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Inna Hudaya was a woman in trouble. Lying in a shoddy hotel room, she squeezed her eyes closed as an old woman performed an abortion on her with no anesthesia and no painkillers. They barely spoke a word after the exchange of money — a lot of money, money Hudaya had borrowed and for which she had sold many of her possessions including her motorbike to repay. This, Hudaya thought to herself, is how I will die.
But what else was she supposed to do? She was 22, pregnant, unmarried, and living in Indonesia, a country where abortion remains illegal in nearly all cases and out-of-wedlock pregnancy is intensely stigmatized. A medical student, Hudaya was just getting a toehold on a life she hoped would keep her out of Tasikmalaya, the conservative city she fled after high school. Having a baby would mean the end of everything: her studies, her relationship with her family, her freedom.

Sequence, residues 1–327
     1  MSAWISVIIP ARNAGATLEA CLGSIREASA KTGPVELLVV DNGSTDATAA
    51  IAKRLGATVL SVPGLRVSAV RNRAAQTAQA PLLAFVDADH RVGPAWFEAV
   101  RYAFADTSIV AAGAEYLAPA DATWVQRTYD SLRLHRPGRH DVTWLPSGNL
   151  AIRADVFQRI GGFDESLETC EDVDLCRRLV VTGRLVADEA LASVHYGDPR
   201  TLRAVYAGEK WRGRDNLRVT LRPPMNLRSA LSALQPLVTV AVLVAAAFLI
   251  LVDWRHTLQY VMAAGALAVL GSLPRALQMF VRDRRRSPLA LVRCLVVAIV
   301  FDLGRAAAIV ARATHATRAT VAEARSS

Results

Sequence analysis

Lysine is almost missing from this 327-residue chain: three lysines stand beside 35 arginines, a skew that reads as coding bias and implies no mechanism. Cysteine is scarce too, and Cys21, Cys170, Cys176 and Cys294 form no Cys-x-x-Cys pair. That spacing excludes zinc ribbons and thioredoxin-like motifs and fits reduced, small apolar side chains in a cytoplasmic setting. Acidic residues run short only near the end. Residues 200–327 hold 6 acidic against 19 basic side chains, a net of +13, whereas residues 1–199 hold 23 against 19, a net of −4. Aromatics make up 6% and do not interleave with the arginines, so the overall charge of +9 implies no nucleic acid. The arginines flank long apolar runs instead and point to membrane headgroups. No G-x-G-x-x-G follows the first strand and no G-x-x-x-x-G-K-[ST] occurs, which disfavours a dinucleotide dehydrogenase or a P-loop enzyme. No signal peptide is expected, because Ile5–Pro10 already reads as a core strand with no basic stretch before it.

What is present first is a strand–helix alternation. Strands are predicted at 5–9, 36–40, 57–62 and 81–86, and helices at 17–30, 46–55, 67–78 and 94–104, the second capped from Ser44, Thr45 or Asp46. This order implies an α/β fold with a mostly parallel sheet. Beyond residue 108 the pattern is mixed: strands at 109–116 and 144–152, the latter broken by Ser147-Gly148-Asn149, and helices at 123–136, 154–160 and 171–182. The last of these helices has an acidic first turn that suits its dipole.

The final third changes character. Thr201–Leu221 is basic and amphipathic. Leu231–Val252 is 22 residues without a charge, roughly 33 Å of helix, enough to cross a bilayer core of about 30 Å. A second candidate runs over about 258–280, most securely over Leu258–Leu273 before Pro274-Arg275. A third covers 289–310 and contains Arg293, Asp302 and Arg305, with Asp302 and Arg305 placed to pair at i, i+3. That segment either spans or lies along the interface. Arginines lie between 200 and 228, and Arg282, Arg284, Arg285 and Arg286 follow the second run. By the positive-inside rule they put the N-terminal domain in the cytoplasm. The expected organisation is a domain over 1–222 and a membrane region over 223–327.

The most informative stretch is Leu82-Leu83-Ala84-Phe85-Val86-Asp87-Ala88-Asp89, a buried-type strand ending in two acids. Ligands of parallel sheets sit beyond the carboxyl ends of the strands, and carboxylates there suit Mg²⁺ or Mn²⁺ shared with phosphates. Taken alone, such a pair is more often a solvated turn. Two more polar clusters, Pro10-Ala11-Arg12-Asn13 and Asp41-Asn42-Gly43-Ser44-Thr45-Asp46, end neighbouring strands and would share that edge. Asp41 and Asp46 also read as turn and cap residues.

The procedure ended, and Hudaya walked out of the hotel room alive. The pain, though, persisted. Her relationship ended. A close relative disowned her, telling her it is a sin for a woman to kill her own blood. For years, Hudaya had the same dream: a baby chasing her, crying.